Why self-sufficiency is so valuable to your cloud journey (just ask Deutsche Bank)
Head of Financial Services Professional Services, EMEA, Google Cloud
Vice President, Strategic Industries, EMEA, Google Cloud
40+ Cloud stats for 2023
Discover the latest cloud computing insights and trends to shape decision-making and spark dialogue.Learn more
Organizations pursue cloud for a number of reasons: digital transformation, building new capabilities, driving innovation, increasing agility, and cost efficiency.
Yet all of these goals are hard to achieve if organizations fail to focus on self-sufficiency in their cloud adoption journey.
Cloud offers organizations newfound capabilities to control their innovation destiny, charting new paths and changing course with speed and agility they rarely knew before. This requires a certain level of commitment, from the top of the organization as well as through the ranks, ensuring leadership is set in their direction, while the end-users of technology — the data scientists, application developers, business advisors, and even the company’s customers to some degree — are equipped to make the most of their new cloud-based tools and opportunities.
In our experience working with numerous customers in Europe, the Middle East, and Africa across financial services and other industries, we’ve seen first hand how a self-sufficiency mindset can drive faster business value for the organization. As the saying goes: Fortune favors the bold. Take charge of your cloud destiny — as we’ve seen companies like Deutsche Bank do — and the results will follow.
Organizations who focus on self-sufficiency and enabling themselves as builders on cloud benefit in a number of ways:
- By defining the approach to cloud adoption early and decisively, they build knowledge and confidence across the organization that their cloud journey will fit their organizational culture and needs. They are able to engage cloud vendors, service integrators, regulators, and their own internal consumers of cloud more proactively and at the right time.
- They can truly adopt cloud and its services by minimizing the friction points that exist with security, controls, and pre-existing processes.
- They innovate faster and deliver outcomes quicker by focusing on the right areas and failing fast.
What is self-sufficiency?
Self-sufficiency should not be misunderstood as building all the cloud capabilities in-house. Rather it is about executing and delivering the company’s strategic goals by driving a long-term transformation and creating enduring change within the organization.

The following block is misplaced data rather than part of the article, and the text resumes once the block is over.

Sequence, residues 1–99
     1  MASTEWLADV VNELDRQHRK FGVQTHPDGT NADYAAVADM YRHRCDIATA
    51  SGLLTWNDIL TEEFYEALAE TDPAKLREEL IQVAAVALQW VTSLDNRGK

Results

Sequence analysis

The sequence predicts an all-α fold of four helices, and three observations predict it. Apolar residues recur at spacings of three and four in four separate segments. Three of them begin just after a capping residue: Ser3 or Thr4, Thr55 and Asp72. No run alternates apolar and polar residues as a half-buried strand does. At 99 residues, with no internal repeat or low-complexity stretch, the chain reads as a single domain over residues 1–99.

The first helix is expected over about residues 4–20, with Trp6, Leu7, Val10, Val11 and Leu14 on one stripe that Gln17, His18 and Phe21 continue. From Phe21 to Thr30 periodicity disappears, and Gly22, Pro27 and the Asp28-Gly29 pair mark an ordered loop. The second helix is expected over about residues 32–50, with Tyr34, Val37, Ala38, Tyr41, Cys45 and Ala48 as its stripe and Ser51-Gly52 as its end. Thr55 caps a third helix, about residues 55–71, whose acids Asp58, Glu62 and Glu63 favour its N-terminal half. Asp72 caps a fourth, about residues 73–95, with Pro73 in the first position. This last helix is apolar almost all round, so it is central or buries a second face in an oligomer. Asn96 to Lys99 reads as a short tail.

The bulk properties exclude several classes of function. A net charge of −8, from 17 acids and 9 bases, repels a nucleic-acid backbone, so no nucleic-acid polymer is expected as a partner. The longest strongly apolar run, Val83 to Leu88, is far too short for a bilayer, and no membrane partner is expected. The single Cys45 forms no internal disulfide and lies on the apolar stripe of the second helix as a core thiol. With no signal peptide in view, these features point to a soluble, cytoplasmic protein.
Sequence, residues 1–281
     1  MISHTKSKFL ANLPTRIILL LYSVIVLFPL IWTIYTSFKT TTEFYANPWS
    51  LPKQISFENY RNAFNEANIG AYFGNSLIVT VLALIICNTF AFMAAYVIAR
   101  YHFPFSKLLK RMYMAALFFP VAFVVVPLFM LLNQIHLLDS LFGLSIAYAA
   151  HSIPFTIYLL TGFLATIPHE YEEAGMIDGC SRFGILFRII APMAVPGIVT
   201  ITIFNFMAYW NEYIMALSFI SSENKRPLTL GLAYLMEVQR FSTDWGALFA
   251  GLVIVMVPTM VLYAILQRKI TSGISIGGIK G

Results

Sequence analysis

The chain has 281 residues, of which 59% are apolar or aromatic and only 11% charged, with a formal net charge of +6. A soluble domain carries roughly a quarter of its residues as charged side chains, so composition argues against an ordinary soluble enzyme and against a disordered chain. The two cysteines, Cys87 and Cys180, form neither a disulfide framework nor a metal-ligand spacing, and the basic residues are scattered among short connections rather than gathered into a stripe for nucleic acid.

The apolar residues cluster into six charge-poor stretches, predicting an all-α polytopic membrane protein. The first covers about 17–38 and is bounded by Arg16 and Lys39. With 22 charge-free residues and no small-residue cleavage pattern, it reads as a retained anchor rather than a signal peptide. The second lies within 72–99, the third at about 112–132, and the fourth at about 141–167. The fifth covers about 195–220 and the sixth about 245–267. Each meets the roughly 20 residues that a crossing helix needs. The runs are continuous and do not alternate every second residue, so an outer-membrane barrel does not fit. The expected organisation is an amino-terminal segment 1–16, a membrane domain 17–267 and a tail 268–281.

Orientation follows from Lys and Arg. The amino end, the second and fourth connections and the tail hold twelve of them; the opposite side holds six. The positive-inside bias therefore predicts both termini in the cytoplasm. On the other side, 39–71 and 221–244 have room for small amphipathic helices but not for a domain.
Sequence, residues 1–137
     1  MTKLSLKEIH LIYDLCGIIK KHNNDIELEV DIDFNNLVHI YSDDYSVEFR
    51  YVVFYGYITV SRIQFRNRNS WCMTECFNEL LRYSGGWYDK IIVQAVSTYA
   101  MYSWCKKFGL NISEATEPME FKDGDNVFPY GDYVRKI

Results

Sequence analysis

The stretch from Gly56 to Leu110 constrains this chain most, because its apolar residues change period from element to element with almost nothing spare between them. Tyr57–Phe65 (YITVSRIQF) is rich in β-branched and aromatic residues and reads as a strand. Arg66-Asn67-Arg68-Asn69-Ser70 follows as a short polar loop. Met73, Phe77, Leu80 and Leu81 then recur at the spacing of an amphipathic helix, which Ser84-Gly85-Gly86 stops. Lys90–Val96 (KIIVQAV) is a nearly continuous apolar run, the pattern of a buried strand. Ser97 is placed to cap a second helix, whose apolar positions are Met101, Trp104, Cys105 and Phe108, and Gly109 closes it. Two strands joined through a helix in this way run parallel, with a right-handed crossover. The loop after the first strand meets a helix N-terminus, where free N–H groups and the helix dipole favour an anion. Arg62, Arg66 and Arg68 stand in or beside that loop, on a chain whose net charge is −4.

Therefore, the focus should be on mobilizing leaders and teams that can become force multipliers across the organization. They should simultaneously develop the experience to answer the “what,” “why,” and “how” for both strategic and operational decisions made possible by the cloud.
Specifically, we see the following three qualities in a self-sufficient organization:
In-house ownership drives strategy and tactics
One of the first and most important steps any organization can take is getting leadership alignment and ownership of the cloud strategy.
The cloud program should be a self-sufficient, organization-wide project with a senior executive reporting to the C-level responsible for end-to-end delivery of the program over multiple years. Program leads should be equipped with the organizational support and technology required to see their work through; they must be empowered to take ownership of delivering foundational capabilities in their respective areas.
This approach leads to the development of a cloud that ultimately will best suit the business needs and culture of the organization, and allow the tech stack to evolve and adapt as opportunities arise or needs change.
Additionally, it is important to have the technical leadership provide the overall roadmap, standards, programmatic monitoring, and governance for the cloud strategy while delegating execution to the appropriate teams within the organization. This will help drive self-sufficiency through the knowledge and experience of the respective teams while working within the guardrails set by leadership to manage risk.
We are working directly with Deutsche Bank on their digital transformation, and from the start, leadership has made self-sufficiency a priority.